“A director can’t understand the final result from a description. You cannot describe music; it needs to be listened to.” So says Ennio Morricone in one of many talking-head sections that comprise Giuseppe Tornatore’s documentary. But Ennio, as it’s aptly titled, can feel part-documentary, part-video essay, and, yes, part-talking head compilation. It’s 156 minutes, but even the first four hint at its simplicity. A barrage of musicians, producers, and filmmakers spout what the film quickly compresses into glorified soundbites. Morricone was a towering artist. Audiences already knew this. But Tornatore doesn’t fully unpack the composer’s impact; he does more to describe it.

So what else is there to listen to? Per Morricone himself, he wanted to be a doctor, but his father insisted he learn the trumpet. He took classes at the Saint Cecilia Conservatory at age 12 and studied under Goffredo Petrassi, later marrying Maria Travia. He’d then work on television, composing scores at night. If nothing else, the film arranges these tidbits literally––often too much so. Ennio can be dry at its worst, and while Massimo Quaglia and Annalisa Schillaci edit it breathlessly, Tornatore’s approach is too simplistic to make much impression. One can’t help but feel that reading this information would often yield the same result.

By the time Ennio gets to Morricone’s film career––36 minutes in––its structure is all too apparent. He worked on The Fascist for his first full score. Then, for his debut Western, he worked on Gunfight in the Red Sands. Then he worked with Sergio Leone, and so forth. Perhaps the film could have layered in more insight or, being that it’s a movie about the cinematic arts, some degree of metatext. Alas it favors the direct approach, often amounting to a collage of Morricone’s career in a chronological, cut-and-dry manner. It moves well but lacks the prehensility to marry sight and sound, plainly featuring clips of the work at hand rather than analyzing it.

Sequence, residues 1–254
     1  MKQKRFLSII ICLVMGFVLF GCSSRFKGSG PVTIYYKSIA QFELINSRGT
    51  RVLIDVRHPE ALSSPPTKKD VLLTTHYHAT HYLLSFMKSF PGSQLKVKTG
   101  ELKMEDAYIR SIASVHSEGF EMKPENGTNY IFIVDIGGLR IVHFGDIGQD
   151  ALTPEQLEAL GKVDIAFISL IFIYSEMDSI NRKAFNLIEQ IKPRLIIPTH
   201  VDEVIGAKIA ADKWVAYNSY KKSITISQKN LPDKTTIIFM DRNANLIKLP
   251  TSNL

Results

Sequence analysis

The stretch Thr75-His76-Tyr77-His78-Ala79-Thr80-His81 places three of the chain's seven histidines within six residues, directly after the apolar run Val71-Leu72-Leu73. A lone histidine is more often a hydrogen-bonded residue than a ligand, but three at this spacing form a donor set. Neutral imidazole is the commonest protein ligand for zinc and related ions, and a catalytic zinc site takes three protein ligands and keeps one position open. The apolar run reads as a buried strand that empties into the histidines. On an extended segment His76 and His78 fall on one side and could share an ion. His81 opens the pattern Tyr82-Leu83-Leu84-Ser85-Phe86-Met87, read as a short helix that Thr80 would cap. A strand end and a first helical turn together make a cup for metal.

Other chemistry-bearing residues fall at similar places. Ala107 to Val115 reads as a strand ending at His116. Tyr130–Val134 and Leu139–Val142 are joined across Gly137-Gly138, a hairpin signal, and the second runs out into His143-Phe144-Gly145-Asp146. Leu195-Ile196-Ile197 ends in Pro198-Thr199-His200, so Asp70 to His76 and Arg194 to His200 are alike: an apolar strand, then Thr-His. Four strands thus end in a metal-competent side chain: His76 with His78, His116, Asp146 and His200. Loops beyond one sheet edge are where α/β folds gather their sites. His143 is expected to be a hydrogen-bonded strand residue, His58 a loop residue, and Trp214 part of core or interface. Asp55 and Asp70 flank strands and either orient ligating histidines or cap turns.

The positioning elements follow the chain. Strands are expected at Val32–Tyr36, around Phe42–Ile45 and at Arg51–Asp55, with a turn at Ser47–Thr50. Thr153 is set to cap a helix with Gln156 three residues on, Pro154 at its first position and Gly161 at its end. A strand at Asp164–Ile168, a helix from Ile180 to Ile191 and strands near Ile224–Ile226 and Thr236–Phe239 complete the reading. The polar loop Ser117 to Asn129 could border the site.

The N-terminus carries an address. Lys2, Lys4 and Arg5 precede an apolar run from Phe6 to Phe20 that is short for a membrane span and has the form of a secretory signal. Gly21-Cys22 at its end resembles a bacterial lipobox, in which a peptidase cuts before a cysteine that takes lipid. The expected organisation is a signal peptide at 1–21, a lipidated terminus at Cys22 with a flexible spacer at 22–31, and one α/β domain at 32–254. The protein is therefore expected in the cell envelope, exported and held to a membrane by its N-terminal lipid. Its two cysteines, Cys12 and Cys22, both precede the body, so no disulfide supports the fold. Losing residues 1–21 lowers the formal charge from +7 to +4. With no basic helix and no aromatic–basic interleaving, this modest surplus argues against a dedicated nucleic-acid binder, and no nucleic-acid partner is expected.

This is enough of an issue to soften one of its largest selling points: Morricone himself takes a sizable amount of screentime. He recounts most of his life and career, an inherently rich offering. The problem is that, for the vitality Morricone’s work exudes, Tornatore’s camera remains stuck, seeing him from the same two interview angles. Save for a brief prologue in which Morricone composes alone in his office, the director’s eye doesn’t match the composer’s essence.

That’s not to say Ennio is apathetic in tone. It doesn’t misunderstand Morricone either, but given how prosaically it organizes its information, how could it? Whether the decision was to not distract from Morricone’s own words is beside the point. As its runtime unfolds, Tornatore’s attitude veers just too far into that of an enthusiast rather than that of a convincing filmmaker. The result is too infatuated with Morricone’s work to the point that it loses its ability to contextualize it, even with the bevy of archival material on display.

Take a moment when Morricone discusses his work on The Mission. He recounts his hesitation to score the film for fear he would “only ruin it.” There’s a deeper discussion here regarding when music isn’t necessary or constructive. Instead the film forgoes that and, in the process, loses an opportunity to prove just how Morricone’s work was always needed––how his music worked because it knew and listened to silence. Ennio doesn’t seem too interested in that, though. It can’t bear to exist in a negative space, even in its technical proficiency.

By the end, it’s too easy to think of what Morricone said earlier: “You cannot describe music. It needs to be listened to.” Put in the context of talking heads unambiguously praising the man, it only seems the film comes short in justifying its purpose as a documentary. It’s not so much a matter of the piece being one-sided; that would at least imply a more vehement perspective. It’s the lack of deconstructive efforts here that ultimately turn the piece into less than the sum of its parts.

Ennio opens on Friday, February 9.

Grade: C+

No more articles